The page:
grow up kind of in both worlds and embracing everything at the
same time. So I'd just like to hear her comments on that.

Bobbi: Well, thank you for that question. And also thank you
for your feedback about the services at Gallaudet. I'm sure the
people there are beaming right now, getting this very positive
feedback. So thank you for sharing that. It always means a lot
to our staff and faculty at Gallaudet. But secondly, you know, I
have to commend you as a parent. You know, commend you
just for seeing the complexity within your own child and in your
family life. You know, what's so challenging for many families
is that when you have a child who is deaf, it's really hard to
understand even how to move forward and healthcare's
primary focus and the tools that they're given that are covered
by insurance as parents are all remedial as it relates to
recovering or improving the child's hearing functioning. And
you know the technology, like the cochlear implants and
hearing aids they're just incredible ways to access spoken
language, no doubt.
And you know what it doesn't recognize is you know actually
I've been a hearing aid user. People I know of course use
cochlear implants and they still run on batteries and you can't
wear them 24/7 when you're not using these devices you can't
hear. And so how can you communicate when you cannot
hear in those instances. Well, sign language is a vehicle in
which you can communicate at all times whether the
technology is on or off. And you know I think that's the
complexity that people often don't see. And now there's
research that's happening at Gallaudet and has been for the
last 10 years that has finally shown that the science is catching
up to what we have known through our wisdom and experience
as a community, which is that knowing both languages leads
the brain to be able to thrive. And a bilingual brain actually
leads for a person's ability to increase their perception,
widening that perception, and it increases the complexity of the
brain's ability to function as it relates to do computations and
computers and arts. We also know that it has a long-term
positive impact on the development of a person's brain as it
relates to their ability to learn and brain development over a
lifetime as a result of being bilingual. So this parent is a
perfect example of a parent who is providing their child with all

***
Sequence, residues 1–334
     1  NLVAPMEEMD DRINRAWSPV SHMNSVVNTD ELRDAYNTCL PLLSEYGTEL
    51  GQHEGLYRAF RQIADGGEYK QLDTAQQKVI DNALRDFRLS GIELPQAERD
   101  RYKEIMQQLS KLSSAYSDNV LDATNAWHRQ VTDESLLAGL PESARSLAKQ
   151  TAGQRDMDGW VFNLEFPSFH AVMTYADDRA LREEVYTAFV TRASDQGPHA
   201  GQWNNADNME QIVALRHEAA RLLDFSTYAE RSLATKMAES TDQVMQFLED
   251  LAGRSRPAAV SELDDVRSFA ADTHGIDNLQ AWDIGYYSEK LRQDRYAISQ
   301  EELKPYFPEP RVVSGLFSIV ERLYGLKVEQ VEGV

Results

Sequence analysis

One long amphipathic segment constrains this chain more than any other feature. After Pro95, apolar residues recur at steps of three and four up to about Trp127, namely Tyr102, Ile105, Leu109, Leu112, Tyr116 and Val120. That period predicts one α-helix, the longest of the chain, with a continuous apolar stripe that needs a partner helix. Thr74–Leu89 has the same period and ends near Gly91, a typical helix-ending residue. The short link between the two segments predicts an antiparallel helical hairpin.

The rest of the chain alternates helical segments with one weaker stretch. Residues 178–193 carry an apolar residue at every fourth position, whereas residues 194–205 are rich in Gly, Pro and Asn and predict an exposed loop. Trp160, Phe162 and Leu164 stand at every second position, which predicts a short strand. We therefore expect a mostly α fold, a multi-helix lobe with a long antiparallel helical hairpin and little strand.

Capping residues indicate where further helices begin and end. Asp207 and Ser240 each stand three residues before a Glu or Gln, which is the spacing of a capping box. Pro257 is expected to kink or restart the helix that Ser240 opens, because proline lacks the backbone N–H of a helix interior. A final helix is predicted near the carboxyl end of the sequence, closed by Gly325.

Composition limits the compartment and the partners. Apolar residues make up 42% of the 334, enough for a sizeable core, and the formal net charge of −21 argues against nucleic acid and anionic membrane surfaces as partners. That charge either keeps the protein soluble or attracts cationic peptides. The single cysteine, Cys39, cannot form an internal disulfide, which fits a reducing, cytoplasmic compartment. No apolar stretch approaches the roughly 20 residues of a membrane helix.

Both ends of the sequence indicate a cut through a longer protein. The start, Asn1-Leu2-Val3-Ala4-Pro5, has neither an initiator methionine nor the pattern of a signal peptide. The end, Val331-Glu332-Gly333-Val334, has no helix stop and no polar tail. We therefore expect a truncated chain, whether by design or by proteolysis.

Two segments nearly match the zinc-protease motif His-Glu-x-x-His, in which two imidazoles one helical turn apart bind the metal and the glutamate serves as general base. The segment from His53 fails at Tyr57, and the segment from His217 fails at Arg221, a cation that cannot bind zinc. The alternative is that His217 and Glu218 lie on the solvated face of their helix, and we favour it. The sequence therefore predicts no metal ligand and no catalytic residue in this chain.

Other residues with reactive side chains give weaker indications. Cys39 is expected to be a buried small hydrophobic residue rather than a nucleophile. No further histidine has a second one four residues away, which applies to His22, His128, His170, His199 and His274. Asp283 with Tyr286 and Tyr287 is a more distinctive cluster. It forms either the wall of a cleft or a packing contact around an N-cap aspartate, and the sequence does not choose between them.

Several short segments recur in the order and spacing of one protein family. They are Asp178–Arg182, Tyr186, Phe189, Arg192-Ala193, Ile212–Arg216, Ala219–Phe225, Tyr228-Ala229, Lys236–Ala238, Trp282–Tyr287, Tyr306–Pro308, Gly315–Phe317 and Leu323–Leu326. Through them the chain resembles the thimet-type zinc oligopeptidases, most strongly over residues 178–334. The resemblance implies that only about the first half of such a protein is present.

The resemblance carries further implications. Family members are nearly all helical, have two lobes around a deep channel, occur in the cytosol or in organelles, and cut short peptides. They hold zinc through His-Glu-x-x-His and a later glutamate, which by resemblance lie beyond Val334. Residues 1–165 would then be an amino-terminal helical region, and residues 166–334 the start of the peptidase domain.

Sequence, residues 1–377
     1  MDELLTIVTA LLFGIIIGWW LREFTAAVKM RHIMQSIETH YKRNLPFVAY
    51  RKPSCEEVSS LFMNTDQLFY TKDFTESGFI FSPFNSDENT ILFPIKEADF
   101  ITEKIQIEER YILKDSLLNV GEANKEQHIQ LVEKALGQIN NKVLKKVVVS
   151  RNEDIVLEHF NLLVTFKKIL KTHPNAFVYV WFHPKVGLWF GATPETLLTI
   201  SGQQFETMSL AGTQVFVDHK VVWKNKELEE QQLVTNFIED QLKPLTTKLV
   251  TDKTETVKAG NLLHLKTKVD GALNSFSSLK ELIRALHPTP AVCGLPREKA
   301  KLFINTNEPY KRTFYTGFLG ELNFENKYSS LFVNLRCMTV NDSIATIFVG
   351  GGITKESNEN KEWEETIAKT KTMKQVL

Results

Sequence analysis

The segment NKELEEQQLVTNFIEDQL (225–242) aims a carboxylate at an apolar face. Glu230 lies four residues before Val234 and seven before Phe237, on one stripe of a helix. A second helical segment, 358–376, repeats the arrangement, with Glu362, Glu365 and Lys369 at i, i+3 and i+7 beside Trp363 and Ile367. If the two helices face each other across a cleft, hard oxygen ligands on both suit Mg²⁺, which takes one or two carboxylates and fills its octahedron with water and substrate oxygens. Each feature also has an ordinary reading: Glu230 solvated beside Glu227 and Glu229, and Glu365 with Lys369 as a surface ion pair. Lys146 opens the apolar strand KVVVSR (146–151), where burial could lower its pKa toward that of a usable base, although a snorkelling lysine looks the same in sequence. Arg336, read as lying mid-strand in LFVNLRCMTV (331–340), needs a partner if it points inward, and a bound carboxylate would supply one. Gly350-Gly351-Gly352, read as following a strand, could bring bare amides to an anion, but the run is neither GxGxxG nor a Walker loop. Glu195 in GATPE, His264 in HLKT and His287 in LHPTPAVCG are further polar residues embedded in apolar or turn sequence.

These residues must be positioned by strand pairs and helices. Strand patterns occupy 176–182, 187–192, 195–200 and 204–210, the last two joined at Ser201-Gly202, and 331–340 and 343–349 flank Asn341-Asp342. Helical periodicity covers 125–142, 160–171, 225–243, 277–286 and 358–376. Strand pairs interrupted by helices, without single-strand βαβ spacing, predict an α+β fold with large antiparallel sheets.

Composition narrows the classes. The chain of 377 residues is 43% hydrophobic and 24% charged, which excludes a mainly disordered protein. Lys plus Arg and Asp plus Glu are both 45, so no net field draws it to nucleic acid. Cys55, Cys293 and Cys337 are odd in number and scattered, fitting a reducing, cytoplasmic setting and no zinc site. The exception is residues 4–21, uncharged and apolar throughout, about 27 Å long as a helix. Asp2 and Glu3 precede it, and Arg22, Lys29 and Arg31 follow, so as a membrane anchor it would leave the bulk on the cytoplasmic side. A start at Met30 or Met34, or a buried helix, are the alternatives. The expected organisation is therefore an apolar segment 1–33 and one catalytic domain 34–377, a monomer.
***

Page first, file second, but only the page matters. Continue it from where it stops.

of the tools, not just one set of tools, but the challenge for
many parents and families is that access to resources can be
very difficult and in healthcare what's covered is only the
technology and the technological interventions like cochlear
implants. You can't get language intervention and brain
development with that and not just that, you know, healthcare
intervention through insurances. They don't cover that. So
families are often left with only the ability to get the technology
but not the ability to get language intervention, which is
actually, but if I could back up, which actually has everything to
do with the brain's need for development and exposure and
stimulation. But that's not covered, of course, by insurances
nor is it really provided by through any policy as a federal or
state level. And so parents make do as best they can and we
do have mentoring programs that nonprofits are doing,
language mentoring. I know in Minnesota they have some as
they do in many other places in the country. Programs that
provided language mentoring but they're nonprofit and it's not
guaranteed for every family that has a deaf child. So until that
changes, we won't see that interface that can happen between
healthcare and language development. You know, there
really -- it's critical to brain development. It is. And so both
need to be tools that all parents have access to. And right now
that's not the case. But I do commend the parent who has just
called for seeing the whole child and also recognizing the big
change this has on their family. And you know, families need to
begin to understand that there are different experiences that
happen in that child's life as opposed to their own lives. You
know, the brain has a wonderful way of adapting to its
environment. And children who are deaf they adapt
tremendously. But if there's a person who has never
experienced someone who is deaf it's hard to imagine how that
child's brain will adapt. But if you've had that experience you
understand the possibilities. And we see those possibilities at
Gallaudet and that mindset. But without that experience, how
do we give more information to people who are hearing so that